A lot has changed in the five decades since the 13th Floor Elevators added some drops to psychedelic music, but one thing remains the same: the power, beauty and insanity of their debut album, The Psychedelic Sounds of the 13th Floor Elevators.

In the couple years after the big bang of the British Invasion, rock 'n' roll exploded in a variety of directions. From beat to pop, from folk rock, to blues rave-ups, it all happened quickly. The first traces of psychedelic music could be found in recordings by Donovan, the Beatles, the Rolling Stones, the Kinks and the Yardbirds. But the 13th Floor Elevators were arguably the first genuine, full-fledged psychedelic rock 'n' roll band.

Singer and guitarist Roky Erickson had a vision. In 1965, he led the Spades, who released the single "We Sell Soul," which made some waves in their native Texas. Within a year, he had joined up with with guitarist Stacy Sutherland, jug player Tommy Hall, drummer John Ike Walton and bassist Ronnie Leatherman to form the 13th Floor Elevators. Taking elements of folk, blues and early rock 'n' roll, Erickson and company twisted it into a shape that would be copied by many others over the next several years. The band signed to International Artists, a Texas-based label that released the Elevators' stunning debut album in October 1966.

From the opening riff of "You're Gonna Miss Me," the album is an unhinged psychedelic ride, musically and lyrically. The garage-band blast of that first track became a template for future generations of primal rockers that followed. Released as a single prior to the album, it even dented the Billboard charts, reaching No. 55.

"People in Austin were experimenting with psychedelics as early as 1961," recalled songwriter and band ally Powell St. John. "In fact, there was an earlier generation of counter culture types who, I am sure, were experimenting with them even earlier than that. We all read Huxley's Doors of Perception and Drugs and the Mind by Dr. Robert S. DeRoffs. This is what provided the philosophical underpinnings for the Elevators and their music."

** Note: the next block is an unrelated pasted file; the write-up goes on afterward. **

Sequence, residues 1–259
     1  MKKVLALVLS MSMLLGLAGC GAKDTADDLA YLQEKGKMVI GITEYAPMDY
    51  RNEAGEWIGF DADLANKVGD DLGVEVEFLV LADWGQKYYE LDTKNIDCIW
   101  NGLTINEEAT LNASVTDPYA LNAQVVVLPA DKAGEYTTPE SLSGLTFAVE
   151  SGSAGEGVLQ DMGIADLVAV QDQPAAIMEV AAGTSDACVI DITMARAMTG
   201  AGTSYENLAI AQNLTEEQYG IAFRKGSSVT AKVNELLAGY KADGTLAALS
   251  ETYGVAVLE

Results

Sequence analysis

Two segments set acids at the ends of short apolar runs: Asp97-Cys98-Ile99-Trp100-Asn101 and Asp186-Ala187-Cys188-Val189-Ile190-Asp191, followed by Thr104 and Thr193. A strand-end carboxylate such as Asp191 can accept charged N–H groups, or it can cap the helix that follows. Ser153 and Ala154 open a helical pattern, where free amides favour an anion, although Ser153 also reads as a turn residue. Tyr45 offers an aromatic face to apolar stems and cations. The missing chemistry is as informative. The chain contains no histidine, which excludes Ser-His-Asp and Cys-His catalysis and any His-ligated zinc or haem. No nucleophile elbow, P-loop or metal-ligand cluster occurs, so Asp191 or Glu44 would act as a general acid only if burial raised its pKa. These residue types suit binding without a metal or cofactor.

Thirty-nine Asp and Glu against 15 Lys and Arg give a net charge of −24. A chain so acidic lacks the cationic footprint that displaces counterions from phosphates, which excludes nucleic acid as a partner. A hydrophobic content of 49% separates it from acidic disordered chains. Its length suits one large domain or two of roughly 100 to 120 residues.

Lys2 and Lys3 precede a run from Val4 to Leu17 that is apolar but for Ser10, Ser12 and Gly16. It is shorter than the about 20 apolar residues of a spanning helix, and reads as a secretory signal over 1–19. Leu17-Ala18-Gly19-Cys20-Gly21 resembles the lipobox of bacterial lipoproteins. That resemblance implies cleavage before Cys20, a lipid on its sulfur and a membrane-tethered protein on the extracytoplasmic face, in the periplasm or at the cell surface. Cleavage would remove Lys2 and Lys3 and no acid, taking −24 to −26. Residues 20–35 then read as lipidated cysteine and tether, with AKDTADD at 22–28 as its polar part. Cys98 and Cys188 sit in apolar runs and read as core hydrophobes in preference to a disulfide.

Songs like "Roller Coaster" and "Fire Engine" took off for the skies, while other tracks like "Splash 1 Now I'm Home" and "Kingdom of Heaven" carry a haunting beauty unlike anything else recorded by anyone up to that point. Like the Velvet Underground, who created their own world with their music, the Elevators performed a similar trick. The brittle but shimmering guitars of Erickson and Sutherland rise and float above the driving rhythms.

Erickson gets much of the credit for the Elevators' sound, but the songs were often collaborations with the band's jug player, Hall, who penned many of the lyrics. "I never considered myself a musician and still don't," Hall told the Austin Chronicle in 2004. "I was real interested, however, in introducing people to ideas and insights I was gaining through my use of LSD. Everything I wrote was inspired through my taking LSD. I invented the electric jug totally out of my desire to find a place onstage with this new group, so I could be a part of it, and so I could communicate my new ideas through the lyrics I wanted to write."

At their core, the Elevators were a loose and raucous rock 'n' roll band. But unlike their spiritual brethren in San Francisco, they avoided long and often meandering free-form jams. And unlike some of the Los Angeles psych-rock groups, they steered clear of polishing their sound.

The legacy of the Elevators' music has grown over the past 50 years, with new generations of adventure seekers turning their ears to the band's music. “The saga of the 13th Floor Elevators was an Old Testament tale, and Roky Erickson was its Job,” said musician Julian Cope in the forward to the band’s Paul Drummond-penned biography, Eye Mind. “In 200 years’ time, there will only be two ’60s bands that count:: the 13th Floor Elevators and the MC5.”

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